- Posted by Source3
- On August 9, 2016
- 0 Comments
When I think of CEOs whose thought leadership has been published and promoted, and who are inspiring the masses, I think of people like Marissa Mayer, Dominic Barton, Larry Page, Jeff Bezos, and last but not least, Tim Cook. Given the way the companies these people head perform and innovate, less well known CEOs and companies might not be chomping at the bit to get out there and express their thoughts, visions and experiences. Even as a professional digital marketer, I have asked myself, “What could I possibly share that hasn’t already been said?”
As CEOs, we are responsible for painting a vision of the future, supplying employees with what they need to fulfill that vision and executing programs that retain current customers and acquire new ones, all while fostering relationships with the community and upholding the standards of a lawful and ethical organization. With all of this on our shoulders, who has time to blog? We have time. As you sit before the blank page that demands you fill it with something brilliant, here are some simple truths I have come to know that might help make the process easier.
1- No one is you.
Being an individual is much more special than you may appreciate. When I share my thoughts in both casual and formal settings, I am surprised that my perspective on matters people are working on has given them the insight they needed to progress. Sharing the attitudes, customs, and beliefs that distinguish one individual (you) from another (them!) can empower others to take calculated risks, pursue dreams and conquer challenges. That is why thought leadership is valuable.
2- Everyone has spheres of influence.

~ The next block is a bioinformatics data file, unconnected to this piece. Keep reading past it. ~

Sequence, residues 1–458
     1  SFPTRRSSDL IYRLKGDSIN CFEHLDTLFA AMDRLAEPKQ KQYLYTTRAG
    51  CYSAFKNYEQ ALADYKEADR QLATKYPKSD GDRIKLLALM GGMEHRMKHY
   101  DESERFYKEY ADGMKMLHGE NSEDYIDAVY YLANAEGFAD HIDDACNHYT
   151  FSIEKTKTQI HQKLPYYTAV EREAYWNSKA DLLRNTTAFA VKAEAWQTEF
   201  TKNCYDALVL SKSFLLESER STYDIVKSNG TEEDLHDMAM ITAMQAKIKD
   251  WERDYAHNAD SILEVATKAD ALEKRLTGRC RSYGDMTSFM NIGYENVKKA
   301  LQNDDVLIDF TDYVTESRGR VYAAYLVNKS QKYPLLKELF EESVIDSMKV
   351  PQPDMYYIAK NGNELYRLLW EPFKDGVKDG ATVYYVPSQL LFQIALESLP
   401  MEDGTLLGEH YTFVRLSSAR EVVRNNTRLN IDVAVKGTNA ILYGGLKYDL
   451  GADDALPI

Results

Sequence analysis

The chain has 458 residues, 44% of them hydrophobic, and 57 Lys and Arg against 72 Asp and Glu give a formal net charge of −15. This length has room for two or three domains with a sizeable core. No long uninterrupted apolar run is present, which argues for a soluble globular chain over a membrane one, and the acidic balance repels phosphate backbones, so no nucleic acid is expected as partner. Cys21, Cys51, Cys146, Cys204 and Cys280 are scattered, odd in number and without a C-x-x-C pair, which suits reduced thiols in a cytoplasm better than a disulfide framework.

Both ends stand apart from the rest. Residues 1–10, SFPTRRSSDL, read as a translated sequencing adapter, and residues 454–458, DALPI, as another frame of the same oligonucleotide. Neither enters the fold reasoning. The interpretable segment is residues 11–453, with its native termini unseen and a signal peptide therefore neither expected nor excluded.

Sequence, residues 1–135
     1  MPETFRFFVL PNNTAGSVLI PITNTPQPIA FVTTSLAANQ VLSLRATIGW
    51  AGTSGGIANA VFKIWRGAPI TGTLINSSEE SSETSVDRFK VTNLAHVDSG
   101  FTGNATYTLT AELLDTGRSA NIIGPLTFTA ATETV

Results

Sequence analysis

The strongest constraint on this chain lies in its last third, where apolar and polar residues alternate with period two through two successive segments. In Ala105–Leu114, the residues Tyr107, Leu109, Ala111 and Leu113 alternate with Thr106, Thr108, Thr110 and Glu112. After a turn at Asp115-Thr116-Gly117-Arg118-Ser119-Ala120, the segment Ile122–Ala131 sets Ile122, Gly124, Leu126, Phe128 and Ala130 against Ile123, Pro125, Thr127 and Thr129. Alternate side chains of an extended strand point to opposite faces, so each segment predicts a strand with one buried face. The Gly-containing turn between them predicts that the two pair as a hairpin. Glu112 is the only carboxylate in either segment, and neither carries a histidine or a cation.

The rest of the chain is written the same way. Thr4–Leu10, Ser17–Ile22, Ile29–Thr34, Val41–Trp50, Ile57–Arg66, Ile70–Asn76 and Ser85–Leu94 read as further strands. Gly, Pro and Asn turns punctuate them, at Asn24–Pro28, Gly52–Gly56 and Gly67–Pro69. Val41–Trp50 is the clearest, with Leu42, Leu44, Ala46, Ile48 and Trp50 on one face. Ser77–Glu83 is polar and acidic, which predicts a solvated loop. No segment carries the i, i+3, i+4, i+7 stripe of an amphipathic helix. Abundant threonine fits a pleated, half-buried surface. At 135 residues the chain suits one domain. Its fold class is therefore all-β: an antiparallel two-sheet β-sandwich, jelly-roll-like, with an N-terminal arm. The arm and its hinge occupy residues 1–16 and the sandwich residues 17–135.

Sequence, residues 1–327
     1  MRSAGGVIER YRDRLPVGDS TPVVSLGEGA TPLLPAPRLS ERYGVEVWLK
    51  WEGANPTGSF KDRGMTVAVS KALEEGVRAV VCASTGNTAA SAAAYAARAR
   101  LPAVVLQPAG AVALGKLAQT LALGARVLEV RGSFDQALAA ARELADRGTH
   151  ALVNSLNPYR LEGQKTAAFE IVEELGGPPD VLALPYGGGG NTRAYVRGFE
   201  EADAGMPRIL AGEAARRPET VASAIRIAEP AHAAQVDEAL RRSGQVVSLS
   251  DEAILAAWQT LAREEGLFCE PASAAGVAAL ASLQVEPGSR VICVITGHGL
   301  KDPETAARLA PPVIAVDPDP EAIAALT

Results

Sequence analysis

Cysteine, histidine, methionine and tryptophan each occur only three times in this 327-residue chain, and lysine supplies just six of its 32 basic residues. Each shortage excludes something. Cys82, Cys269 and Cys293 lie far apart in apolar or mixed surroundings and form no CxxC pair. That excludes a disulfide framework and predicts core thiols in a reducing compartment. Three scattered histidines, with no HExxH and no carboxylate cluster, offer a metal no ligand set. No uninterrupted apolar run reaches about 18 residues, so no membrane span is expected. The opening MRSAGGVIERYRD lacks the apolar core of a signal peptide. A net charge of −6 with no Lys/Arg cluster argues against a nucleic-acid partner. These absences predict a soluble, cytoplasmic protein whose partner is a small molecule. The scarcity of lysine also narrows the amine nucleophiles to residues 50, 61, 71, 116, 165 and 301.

Yes the Marissa Mayers and Tim Cooks of the world share knowledge that your customers and prospects follow. But you are uniquely positioned to connect with them in a way these leaders aren’t. Customers value transparent, approachable CEOs. Because the customers and prospects you wish to serve are directly within your spheres of influence, you have the competitive advantage of being able to connect with audiences that appreciate connecting with a person who can and does respond to comments and questions, and follows up directly.
3- Who cares? They Care.
One of my favorite TED Talks was given by Derek Sivers, who explains how to make a movement. Taking a leap of faith and exposing your thoughts can make you feel vulnerable. The truth is that just like powerful Boeing jet engines require fuel to travel for many miles, people need leaders to step into the light and be the spark that fuels the next great product, business model or innovative idea. In the video Derek narrates, he says the lone nut started just by doing something he enjoyed doing: dancing. What do you enjoy? What could you talk about for hours? You may be surprised by how much things that you are passionate about relate to what you do and can inspire others. Potential followers do not tire of inspiration.
While blogging is definitely a business development tool, it’s also a much needed cathartic experience. One of my trusted advisors emphasizes that taking time to ponder is just as important as growing one’s business. CEOs have many responsibilities, but my favorite responsibility is being the seer. A seer is said to have supernatural insight, to see what the future holds. Because of where the CEO sits, as the conduit and cipher for communication between the board of directors, company employees and the outside world, our perspective is unique, valuable and valued. And sharing it benefits everyone involved.